Pompeo dives into NATO diplomacy
Brussels – Less than 24 hours after assuming his post, U.S. Secretary of State Mike Pompeo plunged Friday into NATO diplomacy as the allies sought to toughen their response to Russian interference on its periphery and elsewhere.
On his first overseas trip as America’s top diplomat, Pompeo hit the ground running with a series of meetings at NATO headquarters in Brussels aimed at underscoring the alliance’s relevance in a crisis-filled global environment that includes persistent or worsening conflicts in Afghanistan, Iraq, Syria and Ukraine.
“The work that’s being done here today is invaluable and our objectives are important and this mission means a lot to the United States of America,” Pompeo told NATO Secretary General Jens Stoltenberg. “The president very much wanted me to get here and I’m glad we were able to make it, and I look forward to a productive visit here today.”
Pompeo’s aim is to ensure that NATO maintains a unified position of “no business as usual” with Russia until it implements an agreement to end violence in eastern Ukraine and halts destabilizing actions for which it is blamed elsewhere, according to a senior U.S. official.
Those include the poisoning of an ex-Russian spy in Britain last month, support for Syrian President Bashar Assad’s government that is accused on launching a chemical weapons attack that led three NATO members – Britain, France and the U.S. – to launch airstrikes on Syrian targets.
At a breakfast meeting focused on the Russia, NATO foreign ministers agreed on “the scale of Russian aggression” and that it “requires a response,” according to the U.S. official, who was not authorized to discuss the closed-door meeting publicly and spoke on condition of anonymity.
Friday’s meetings will set the stage for a summit of NATO leaders in July at which they are expected to outline more specifics about the response to Russia.
Another of Pompeo’s objectives in Brussels is to prod allies, particularly Germany, to meet their commitments to spend 2 percent of their gross domestic product on defense by 2024, according to the official.
That commitment was made in 2014 and thus far only six of the 28 countries who made the pledge meet the goal. Nine have produced realistic plans for reaching it by 2024, but the rest, including Germany, have not.
That spending level, frequently incorrectly referred to by U.S. President Donald Trump as a contribution to NATO itself, is particularly important given the allies’ need to combat increased Russian aggression, according to the official.
The official said the U.S. delegation would make the point that NATO is more relevant today that at any point since the end of the Cold War.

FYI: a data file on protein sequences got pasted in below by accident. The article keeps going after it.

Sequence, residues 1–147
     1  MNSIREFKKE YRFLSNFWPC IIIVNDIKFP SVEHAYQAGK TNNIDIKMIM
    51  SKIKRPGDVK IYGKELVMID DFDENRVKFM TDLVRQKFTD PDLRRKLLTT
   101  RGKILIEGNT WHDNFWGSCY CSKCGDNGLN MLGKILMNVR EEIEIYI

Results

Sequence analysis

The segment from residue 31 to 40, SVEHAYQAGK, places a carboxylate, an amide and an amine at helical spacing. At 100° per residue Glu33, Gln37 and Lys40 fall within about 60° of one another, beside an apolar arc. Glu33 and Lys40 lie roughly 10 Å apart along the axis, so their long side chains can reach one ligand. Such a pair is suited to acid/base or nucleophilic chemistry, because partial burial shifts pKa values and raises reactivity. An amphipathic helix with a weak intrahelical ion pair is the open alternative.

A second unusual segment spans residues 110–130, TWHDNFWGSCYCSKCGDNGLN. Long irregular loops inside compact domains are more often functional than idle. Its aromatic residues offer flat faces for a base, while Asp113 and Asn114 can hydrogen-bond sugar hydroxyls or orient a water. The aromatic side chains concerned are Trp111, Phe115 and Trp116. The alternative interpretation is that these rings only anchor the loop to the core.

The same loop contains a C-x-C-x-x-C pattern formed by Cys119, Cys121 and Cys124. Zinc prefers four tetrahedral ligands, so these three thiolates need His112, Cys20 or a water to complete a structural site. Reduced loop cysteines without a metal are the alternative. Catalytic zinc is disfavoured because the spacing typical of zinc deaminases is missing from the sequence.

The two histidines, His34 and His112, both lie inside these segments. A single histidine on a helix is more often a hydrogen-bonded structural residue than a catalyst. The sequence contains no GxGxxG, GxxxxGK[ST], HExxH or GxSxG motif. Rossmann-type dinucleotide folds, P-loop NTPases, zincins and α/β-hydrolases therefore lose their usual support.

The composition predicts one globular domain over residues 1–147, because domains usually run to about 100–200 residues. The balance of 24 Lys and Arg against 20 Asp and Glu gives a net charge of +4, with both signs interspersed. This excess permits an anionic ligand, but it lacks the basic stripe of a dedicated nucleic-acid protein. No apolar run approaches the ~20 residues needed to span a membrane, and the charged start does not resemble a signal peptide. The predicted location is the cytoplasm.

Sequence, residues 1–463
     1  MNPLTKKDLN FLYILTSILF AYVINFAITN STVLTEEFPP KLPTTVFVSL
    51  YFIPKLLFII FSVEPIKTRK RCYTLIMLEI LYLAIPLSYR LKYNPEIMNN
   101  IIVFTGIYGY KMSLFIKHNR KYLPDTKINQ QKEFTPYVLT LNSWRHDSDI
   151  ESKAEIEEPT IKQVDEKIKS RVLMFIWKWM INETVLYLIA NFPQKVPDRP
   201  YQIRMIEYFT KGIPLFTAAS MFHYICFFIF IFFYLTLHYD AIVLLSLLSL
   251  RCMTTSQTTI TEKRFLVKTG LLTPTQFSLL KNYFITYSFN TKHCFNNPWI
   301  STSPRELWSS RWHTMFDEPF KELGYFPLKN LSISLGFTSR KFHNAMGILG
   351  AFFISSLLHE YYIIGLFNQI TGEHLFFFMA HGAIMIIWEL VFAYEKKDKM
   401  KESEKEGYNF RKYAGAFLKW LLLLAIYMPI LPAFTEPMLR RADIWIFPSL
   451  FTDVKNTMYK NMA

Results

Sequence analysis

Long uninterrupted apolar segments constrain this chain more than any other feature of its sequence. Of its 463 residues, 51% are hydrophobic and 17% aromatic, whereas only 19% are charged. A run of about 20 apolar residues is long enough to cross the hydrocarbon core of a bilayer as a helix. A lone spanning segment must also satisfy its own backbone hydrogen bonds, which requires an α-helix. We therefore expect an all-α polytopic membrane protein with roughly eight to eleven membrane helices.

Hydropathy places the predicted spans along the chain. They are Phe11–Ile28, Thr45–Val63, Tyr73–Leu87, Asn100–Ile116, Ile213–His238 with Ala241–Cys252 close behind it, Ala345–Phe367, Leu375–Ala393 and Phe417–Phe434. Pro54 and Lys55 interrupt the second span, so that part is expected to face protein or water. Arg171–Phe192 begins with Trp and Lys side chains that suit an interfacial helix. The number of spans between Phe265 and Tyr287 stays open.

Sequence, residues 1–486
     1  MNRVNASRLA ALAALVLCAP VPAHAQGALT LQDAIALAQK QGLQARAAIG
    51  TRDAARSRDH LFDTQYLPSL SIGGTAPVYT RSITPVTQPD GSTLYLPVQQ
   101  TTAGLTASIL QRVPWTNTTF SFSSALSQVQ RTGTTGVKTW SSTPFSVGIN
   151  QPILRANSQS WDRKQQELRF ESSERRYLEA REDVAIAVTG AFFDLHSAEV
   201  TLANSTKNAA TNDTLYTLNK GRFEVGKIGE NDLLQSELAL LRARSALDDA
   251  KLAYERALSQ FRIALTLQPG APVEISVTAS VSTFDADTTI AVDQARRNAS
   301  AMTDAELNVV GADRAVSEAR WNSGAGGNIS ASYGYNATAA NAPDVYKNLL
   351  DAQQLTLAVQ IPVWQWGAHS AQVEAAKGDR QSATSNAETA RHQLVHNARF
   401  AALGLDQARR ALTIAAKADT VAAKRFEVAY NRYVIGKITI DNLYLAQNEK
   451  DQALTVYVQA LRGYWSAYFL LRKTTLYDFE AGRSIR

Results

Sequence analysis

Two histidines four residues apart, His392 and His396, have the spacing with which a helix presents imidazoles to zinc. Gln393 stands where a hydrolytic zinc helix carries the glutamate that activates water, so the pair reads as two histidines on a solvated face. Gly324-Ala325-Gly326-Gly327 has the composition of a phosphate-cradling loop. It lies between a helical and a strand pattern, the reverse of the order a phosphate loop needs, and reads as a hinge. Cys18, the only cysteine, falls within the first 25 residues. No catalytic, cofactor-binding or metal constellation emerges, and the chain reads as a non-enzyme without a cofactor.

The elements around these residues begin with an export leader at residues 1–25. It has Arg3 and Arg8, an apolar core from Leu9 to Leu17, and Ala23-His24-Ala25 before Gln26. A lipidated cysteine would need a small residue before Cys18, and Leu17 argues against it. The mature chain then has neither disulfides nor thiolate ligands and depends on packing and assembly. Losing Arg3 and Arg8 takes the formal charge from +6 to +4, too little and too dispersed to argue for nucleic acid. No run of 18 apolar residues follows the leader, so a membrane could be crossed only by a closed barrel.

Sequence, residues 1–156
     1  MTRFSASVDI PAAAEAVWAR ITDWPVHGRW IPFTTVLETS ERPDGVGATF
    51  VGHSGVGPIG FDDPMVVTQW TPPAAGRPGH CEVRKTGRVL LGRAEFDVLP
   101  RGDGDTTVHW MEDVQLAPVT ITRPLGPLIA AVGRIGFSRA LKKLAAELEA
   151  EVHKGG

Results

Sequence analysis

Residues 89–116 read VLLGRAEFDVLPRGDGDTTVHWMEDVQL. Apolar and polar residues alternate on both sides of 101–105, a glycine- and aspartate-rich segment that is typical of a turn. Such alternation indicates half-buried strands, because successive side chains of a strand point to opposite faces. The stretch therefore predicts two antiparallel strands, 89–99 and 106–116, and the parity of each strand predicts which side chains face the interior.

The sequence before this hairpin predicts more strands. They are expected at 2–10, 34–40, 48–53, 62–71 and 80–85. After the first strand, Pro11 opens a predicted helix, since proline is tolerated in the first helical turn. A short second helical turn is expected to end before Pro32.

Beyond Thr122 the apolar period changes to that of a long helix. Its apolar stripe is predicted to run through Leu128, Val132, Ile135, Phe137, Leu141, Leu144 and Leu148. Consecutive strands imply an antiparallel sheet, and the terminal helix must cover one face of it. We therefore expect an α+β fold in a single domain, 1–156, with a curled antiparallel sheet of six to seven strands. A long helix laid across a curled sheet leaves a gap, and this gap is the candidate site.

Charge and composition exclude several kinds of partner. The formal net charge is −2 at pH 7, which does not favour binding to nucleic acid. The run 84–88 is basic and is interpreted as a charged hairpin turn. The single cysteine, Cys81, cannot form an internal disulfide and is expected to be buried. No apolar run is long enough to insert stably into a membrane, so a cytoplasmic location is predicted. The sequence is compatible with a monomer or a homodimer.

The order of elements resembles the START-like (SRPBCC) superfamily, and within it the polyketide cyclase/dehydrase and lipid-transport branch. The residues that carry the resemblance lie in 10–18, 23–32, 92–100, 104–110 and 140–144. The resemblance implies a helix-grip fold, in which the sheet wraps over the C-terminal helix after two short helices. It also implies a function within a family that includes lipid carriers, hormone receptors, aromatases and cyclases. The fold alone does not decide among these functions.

Pompeo will also have separate talks with the foreign ministers of Italy and Turkey. Relations with the latter are notably strained. The senior official said one of Pompeo’s main goals with Turkish Foreign Minister Mevlut Cavusoglu is to refocus on coordination in northern Syria, where Turkey has been attacking Kurdish rebels supported by the U.S.
That coordination was started by Pompeo’s predecessor, Rex Tillerson, who was fired by Trump last month, and had languished in the absence of a new secretary of state.
Pompeo will also renew calls for the release of a jailed American pastor accused by Turkey of espionage, and encourage Turkey not to pursue the purchase of an advanced air defense system from Russia.
From Brussels, Pompeo will travel on to the Middle East, visiting Saudi Arabia, Israel and Jordan, where the future of the Iran nuclear deal and the conflict in Syria will be significant agenda items, officials said.
Pompeo will arrive in Riyadh on Saturday ahead of a series of events that could potentially plunge the region into deeper disarray, including Trump’s decision by May 12 on whether to pull out of the Iran deal, and the opening of the new U.S. Embassy in Jerusalem two days later. The embassy move is deeply opposed by the Palestinians, who on May 15 will mark the anniversary of what they term the “nabka,” or catastrophe, when they fled or were driven from their homes during the 1948 Palestine war.
Looming over Pompeo’s trip is uncertainty over Trump’s policy on Syria, which has shifted between a speedy all-out withdrawal of American forces from the country and leaving a lasting footprint to deter Iran from completing a land bridge from Tehran to Beirut.
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